Colorado’s immigrant driver’s license program would be streamlined under measure en route to governor
The state’s House of Representatives passed Senate Bill 108 by a 38-24 vote on Wednesday
The Denver Post
An effort to streamline Colorado’s immigrant driver’s license program for people living in the U.S. illegally, which has faced years of problems and a persistent application backlog, is a step away from the governor’s desk.
The state’s House of Representatives passed Senate Bill 108 by a 38-24 vote on Wednesday, with a host of Republican lawmakers saying “no” to the measure.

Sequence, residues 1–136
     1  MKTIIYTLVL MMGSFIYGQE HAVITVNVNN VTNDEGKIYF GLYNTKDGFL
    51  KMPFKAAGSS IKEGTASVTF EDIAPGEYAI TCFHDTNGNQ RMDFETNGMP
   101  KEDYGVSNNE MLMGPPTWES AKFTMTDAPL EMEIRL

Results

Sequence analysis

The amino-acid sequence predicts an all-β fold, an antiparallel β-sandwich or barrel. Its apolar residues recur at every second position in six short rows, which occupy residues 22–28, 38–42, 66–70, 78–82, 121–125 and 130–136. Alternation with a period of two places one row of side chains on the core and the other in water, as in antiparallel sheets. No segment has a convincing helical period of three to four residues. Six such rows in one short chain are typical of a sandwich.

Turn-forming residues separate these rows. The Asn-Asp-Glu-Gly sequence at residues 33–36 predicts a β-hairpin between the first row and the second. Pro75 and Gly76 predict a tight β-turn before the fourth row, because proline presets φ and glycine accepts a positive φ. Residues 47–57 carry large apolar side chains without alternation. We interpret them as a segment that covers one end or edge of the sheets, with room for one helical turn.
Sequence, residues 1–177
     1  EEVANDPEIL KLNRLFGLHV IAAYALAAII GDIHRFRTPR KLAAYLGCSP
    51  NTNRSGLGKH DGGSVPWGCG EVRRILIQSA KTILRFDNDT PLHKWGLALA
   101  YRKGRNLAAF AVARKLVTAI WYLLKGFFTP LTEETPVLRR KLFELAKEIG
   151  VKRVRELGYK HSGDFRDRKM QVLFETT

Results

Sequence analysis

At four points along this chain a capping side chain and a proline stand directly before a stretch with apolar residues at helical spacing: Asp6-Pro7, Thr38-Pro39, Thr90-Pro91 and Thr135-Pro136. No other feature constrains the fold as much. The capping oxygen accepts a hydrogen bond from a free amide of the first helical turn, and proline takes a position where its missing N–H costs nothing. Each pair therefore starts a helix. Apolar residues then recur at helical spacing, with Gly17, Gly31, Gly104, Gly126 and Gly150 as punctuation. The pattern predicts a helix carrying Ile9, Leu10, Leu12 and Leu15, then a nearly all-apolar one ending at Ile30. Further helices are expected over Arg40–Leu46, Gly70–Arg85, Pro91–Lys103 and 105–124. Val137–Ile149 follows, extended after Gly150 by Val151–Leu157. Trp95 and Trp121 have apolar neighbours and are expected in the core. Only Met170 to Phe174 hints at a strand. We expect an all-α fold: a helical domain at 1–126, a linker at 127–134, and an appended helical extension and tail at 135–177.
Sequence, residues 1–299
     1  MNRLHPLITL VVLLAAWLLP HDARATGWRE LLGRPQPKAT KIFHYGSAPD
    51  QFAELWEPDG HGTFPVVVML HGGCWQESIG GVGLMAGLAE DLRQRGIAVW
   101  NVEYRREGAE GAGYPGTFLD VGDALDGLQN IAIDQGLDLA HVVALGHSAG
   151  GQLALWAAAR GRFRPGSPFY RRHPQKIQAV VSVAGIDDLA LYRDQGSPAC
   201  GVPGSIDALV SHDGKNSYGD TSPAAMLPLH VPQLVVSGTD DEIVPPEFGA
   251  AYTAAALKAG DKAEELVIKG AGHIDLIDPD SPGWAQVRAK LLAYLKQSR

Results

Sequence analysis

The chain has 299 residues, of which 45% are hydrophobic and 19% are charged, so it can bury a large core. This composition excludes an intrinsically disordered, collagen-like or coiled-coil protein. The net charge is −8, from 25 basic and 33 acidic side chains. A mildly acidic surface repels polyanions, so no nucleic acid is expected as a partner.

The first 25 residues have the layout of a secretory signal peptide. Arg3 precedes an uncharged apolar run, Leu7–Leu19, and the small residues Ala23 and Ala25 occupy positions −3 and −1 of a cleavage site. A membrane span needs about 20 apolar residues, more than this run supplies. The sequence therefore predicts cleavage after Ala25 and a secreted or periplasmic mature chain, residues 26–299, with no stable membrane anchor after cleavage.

But it was GOP legislators in the Republican-controlled Senate who helped get the legislation passed by sending it over to the Democratic-controlled House. The bill represents the first improvement for the program that’s made it through the legislature after years of conservative pushback.
Immigrant advocacy groups praised the vote Wednesday, lauding it as a win for businesses, safety and health care by making it easier for immigrants to get to medical attention.
The legislation still has to go through the Senate once more for approval of House amendments, but it appears to have a clear path onto the desk and pen of Gov. John Hickenlooper.
The parcel where workforce housing is being proposed was listed for decades as belonging to the Colorado Department of Transportation.